I can't believe how long this has gotten. Hope you read this far :)
Received 5 October 2006
From a letter written by Virginia Louise Trisler Richard of Catawissa, Missouri, dated 30 September 1989:
"Now I shall go back to my grandfather James Herman Trisler. He was going to Kansas or Oklahoma to stake a claim for ground when my father Monte was about 8 years old. He being guardian of John Davis and his father had died in the Civil War, therefore he was entitled to land. James Trisler left Neopolian, Indiana and headed west -- his wife and children to come after he got ground. He wrote back to them -- the last one stated he was in Kansas and his next stop would be at the Bender's Inn. That is the last letter ever received. We also heard the Bender's Inn was a notorious gang that killed people for their money and buried them in their yard. We never did find out anything more about him."
CHERRYVALE, KANSAS - In 1871, old man Bender and his wife Kate opened a general store and inn here in their home on the main road between Cherryvale and Thayer. In 1879, when Dr. William York stayed overnight at the Bender's Inn, he was never heard from again. When York's brother Colonel York asked about Dr. York, the Bender's denied any knowledge of him, but a week later they skipped town.
Colonel York returned to the house and while searching the basement he noticed a vile odor and traces of blood. Out in the pasture he noticed eleven neat indentations that looked like graves. When the graves were opened, police found eleven bodies, one of which was Dr. York, The skull of each had been crushed with a sledge hammer. It was determined that Mr. Bender had sneaked behind each victim while they were eating dinner and hit them in the head with the sledgehammer.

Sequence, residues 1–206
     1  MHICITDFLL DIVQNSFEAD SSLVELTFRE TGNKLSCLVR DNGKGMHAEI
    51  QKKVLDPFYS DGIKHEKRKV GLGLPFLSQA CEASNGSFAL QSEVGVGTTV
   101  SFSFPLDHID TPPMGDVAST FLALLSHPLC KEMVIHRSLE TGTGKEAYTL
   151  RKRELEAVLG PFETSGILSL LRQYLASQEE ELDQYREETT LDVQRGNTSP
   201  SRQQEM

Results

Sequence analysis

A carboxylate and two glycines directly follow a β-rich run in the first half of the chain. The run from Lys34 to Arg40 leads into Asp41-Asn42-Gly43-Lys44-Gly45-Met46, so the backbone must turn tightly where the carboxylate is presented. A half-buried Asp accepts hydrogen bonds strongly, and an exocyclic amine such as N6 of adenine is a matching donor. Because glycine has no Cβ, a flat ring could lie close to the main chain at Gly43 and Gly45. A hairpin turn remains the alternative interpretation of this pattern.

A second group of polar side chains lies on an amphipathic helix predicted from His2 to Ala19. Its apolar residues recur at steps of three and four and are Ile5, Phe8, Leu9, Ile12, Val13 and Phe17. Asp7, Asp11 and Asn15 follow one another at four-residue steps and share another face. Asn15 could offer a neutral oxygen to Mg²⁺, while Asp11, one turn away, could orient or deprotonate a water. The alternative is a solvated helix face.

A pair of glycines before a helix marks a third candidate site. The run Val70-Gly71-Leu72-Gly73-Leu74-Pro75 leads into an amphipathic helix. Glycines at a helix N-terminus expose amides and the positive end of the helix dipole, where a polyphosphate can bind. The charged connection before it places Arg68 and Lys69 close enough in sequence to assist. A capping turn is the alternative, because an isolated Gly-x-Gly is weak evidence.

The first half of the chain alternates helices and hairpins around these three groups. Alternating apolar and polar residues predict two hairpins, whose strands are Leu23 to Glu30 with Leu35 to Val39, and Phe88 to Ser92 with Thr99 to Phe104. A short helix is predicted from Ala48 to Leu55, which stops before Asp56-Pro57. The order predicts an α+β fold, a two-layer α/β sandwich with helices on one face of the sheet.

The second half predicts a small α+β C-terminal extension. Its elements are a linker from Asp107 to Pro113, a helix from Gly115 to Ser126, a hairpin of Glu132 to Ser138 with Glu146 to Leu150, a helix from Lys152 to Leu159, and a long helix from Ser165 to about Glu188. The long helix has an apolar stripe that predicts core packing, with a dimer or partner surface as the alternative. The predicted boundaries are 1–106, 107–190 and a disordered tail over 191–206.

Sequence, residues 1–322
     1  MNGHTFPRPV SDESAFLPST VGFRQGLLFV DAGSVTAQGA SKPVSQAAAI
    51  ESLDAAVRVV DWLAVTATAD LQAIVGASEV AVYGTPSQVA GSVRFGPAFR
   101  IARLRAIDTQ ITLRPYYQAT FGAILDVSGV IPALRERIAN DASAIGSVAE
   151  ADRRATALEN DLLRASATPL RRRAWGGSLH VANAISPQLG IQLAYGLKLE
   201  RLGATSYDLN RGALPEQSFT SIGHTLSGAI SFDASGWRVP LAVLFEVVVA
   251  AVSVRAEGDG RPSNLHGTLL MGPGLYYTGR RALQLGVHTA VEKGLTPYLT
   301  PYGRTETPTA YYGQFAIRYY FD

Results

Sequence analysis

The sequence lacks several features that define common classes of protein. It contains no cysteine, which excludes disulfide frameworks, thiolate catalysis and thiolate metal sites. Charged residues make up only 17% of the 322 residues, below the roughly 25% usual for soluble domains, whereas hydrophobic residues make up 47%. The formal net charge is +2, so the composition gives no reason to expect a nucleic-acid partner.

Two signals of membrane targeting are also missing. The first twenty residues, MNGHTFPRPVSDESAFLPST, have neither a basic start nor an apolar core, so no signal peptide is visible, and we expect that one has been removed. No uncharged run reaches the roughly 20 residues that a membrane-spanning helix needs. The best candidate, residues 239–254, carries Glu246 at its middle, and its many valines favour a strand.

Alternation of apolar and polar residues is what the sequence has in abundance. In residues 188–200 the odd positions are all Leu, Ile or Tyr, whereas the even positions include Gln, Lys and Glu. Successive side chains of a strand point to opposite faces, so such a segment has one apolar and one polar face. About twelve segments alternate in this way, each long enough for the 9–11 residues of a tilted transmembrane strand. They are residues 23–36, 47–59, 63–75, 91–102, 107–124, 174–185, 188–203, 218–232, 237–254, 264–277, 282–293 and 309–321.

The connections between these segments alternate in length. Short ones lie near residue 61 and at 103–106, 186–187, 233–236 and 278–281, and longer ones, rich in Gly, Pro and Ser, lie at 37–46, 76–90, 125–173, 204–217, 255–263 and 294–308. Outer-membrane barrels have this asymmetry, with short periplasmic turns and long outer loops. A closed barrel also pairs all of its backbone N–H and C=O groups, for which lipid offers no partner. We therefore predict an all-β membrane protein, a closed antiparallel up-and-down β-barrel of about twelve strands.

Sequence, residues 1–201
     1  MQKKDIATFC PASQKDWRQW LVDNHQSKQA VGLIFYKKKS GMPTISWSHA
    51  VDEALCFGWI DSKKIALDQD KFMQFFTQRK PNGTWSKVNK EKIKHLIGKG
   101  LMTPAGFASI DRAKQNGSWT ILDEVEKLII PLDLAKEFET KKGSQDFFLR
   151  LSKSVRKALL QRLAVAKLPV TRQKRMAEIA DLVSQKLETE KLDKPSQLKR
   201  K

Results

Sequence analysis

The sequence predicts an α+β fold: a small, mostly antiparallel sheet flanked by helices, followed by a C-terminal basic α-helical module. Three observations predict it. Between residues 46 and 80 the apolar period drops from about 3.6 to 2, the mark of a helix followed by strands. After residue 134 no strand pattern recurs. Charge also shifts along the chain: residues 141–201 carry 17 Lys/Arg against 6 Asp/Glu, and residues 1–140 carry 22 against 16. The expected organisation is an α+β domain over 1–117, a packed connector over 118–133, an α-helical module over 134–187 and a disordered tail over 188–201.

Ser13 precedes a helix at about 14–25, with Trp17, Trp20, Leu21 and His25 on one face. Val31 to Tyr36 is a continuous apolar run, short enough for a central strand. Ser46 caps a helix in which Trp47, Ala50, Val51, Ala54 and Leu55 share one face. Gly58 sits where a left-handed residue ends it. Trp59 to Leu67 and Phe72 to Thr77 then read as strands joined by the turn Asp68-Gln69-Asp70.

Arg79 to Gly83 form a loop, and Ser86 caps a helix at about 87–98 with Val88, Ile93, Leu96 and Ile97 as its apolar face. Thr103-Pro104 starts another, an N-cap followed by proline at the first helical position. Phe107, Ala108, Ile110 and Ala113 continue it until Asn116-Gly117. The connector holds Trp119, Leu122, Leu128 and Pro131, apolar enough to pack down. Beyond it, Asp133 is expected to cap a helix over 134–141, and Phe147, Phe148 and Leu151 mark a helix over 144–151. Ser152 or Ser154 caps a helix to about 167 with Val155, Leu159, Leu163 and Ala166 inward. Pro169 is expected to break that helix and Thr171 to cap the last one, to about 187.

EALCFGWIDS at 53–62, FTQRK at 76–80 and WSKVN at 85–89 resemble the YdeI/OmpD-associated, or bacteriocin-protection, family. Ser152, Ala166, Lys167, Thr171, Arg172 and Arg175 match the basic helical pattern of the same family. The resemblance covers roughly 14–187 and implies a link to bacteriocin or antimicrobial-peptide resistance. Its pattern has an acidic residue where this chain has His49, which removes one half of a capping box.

(The house stood one mile northwest of a marker in a roadside park on U.S. 160, 10miles west of Pasons).
Montie was born 1871 - James Trisler supposedly went to Kansas when Montie was about 8 years old, or in 1877-79. James' youngest child was born in March 1877, so James did not leave earlier than the autumn of 1876.
We now know from one letter that he left somtime in 1877. Most likely in the spring or summer. He must have been carrying money. I don't know if Louise meant that James Herman was entitled to the land or that John was. I have always thought he was making the claim for John. Maybe the Benders took whatever papers he had with him? I have also wondered if Jane went to Kansas to try and find out what happened to her husband. If John stayed in Indiana, then he may have taken over his father's property there? That could explain why Jane waited until John was of legal age? Oh! The questions!!! :)
It certainly explains why I never found John in Kansas.